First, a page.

Maryann Wolfe

Guidelines for Eating


Do you like peas?

Do you like rice?

asks the little girl in her highchair.


Maybe it’s when we are her age

that we first learn the truth about food.

It’s when we make our choices to be

eaters or starvers in times of crisis.


Maybe you didn’t grow up that way,”

he says, but “I’m European….”


Do you like cheese?


I made that soup for you!

I know you love meatball soup—

would you cry if I told you to go

in the kitchen and fix yourself a bowl?”


Do you like ham?

We had ham for Easter.


“Why are you crying? It’s not like

an airplane has crashed. It’s not like

your mother has been hit by a bus.”


Do you like peas?

Do you like rice?


“You shouldn’t eat that bread and butter.

Butter is all fat. It will kill you!

Go ahead—here, take this!”


Two pounds of butter tumble

across the counter.


Do you like cheese?


There are times when a woman

wants salt or chocolate,

at least comfort in the form

of bread or peas.

And there are times when this man

eats an entire can of condensed milk.

“It’s a treat,” he says, “Where I grew up

this stuff was over two dollars a can.”


Do you like ham?
We had ham for Easter.


I know the planning, the time

and preparation that go

into making ham for Easter

or into a bowl of homemade soup.


I know how hard it is

to taste a gift when it comes

with words so often repeated,

words that pass through the filter

between brain and mouth

as easy as water through a colander.


Do you like peas?

Do you like rice?




Walking in Circles


If blindfolded and told to walk

a straight line in the desert,

we cannot do it.

In a forest, where the canopy

of leaves blocks the sun,

we will find an invisible wind

blowing us off course.

It is ingrained in us

to walk in circles.


Perhaps this is why I wake

each morning, surprised

that there is no head

on the pillow beside mine.

There is a need to check my phone

for a message from you,

as if I simply slept so soundly

that I did not hear you

returning in the night.


But I woke seven times–

the cat was running a circle

from the windows on the east

to the windows on the west.

She is curled up now,

a nap-circle beside my knee.

It doesn’t seem to bother her,

to accept that circular nature

of nose to tail.


But I feel myself, orbiting moments,

reaching backwards

for when you were here.

Everyone’s advice would be–

Move on.

As if I could control (or would want to)

the emotion circling

through arteries and veins.

It is only natural

to remain unable (unwilling?)

to follow a linear path.






I remember exactly what my crib tastes like—

a sort of plastic-wood, the way I imagine

a fresh snapped birch twig to taste.


These days, as an adult, I try to be choosier

about what I put in my mouth.

As children, we explore and discover,

almost forget how to stay alive.


We leave the safety of children to adults,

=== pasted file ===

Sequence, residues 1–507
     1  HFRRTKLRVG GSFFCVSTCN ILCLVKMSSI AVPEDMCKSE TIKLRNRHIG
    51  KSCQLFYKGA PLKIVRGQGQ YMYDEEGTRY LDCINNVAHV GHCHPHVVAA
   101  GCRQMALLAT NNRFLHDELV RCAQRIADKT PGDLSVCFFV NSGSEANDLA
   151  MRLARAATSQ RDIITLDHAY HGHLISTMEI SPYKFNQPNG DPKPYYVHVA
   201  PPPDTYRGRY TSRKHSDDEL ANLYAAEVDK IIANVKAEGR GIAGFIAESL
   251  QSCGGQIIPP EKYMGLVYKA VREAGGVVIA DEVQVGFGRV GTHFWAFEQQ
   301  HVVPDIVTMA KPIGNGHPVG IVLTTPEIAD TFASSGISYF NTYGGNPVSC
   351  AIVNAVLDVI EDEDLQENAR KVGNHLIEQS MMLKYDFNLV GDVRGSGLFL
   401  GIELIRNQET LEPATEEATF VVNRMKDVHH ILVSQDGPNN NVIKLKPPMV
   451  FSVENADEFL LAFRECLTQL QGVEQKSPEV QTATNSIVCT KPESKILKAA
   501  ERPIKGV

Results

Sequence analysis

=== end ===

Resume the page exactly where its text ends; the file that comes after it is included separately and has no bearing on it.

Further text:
who install crib sides upside-down

and inadvertently allow our heads to get trapped.


Maybe it’s because I understand that imperfection

that I crave the creamy texture

of plastic Risk troops on my tongue.


I have the inter-generational habit of idly chewing

the ends of hair, while pondering

some kindergarten question—


Some of us always return to taste

as the basic means of understanding.


Even the cat is drawn to circles of elastic,

lying in wait on the kitchen table

or on top of the clothes hamper.


And somewhere, someone in this neighborhood

is trying to overcome the need to gnaw and chew—

I found a metal spatula with bite marks on its handle.


It is lying, lonely, on the sidewalk under a pay phone.

It makes me wonder if its surrender was forced or voluntary.


I can picture this cooking tool flung out an open window

by a cook weary of seeking from utensils

what can’t be found in food.


Maryann Wolfe


Maryann Wolfe teaches creative writing, composition, and food writing at Bridgewater College. She has had work published in The Bluestone Review and Earth’s Daughters and placed in contests run the VA Poetry Society.


Rebecca Buller

Azalea Martine’s Daily Schedule


Every morning at 6:30, Azalea Martine wakes up and throws back the covers. She opens the blinds and windows before freshening up in a bathroom with walls the color of sun-bleached grass. At 7:10 John Martine watches his wife, Azalea, make oatmeal and bacon for breakfast while he taps his fingers on the tabletop and debates telling her the nightgown she’s wearing makes her look fat.

At 7:30 Azalea Martine cleans up the breakfast dishes and turns her cheek to the side when John kisses her goodbye. He didn’t come home last night, but she doesn’t complain to him. At 7:40 she showers, does her hair and make-up, and gets dressed. She doesn’t complete the 10-minute exercise routine her sister, Agnes Merchant, suggested two days ago while Azalea sucked on her third cigarette in two hours. John wouldn’t notice if her hair caught fire while she stirred brownie batter in her pink slip.

At 8:05 Azalea Martine picks up a basket and begins straightening the living and dining room. She takes John’s slippers and throws them into the garbage pail because it’s the third time in two days he’s left them beside his chair. She ignores the ashtray, it’s hers.

At 8:25 Azalea Martine makes their bed and fluffs the pillows. She decides not to wash the sheets because they haven’t shared the same bed in four days and his pomade hasn’t dirtied the pillowcases. She steps on John’s blue suit jacket on her way to the door and doesn’t stoop to retrieve it.

At 8:30 Azalea Martine stops paying attention to the time, drops her basket in the middle of the hallway, and wanders back to the kitchen.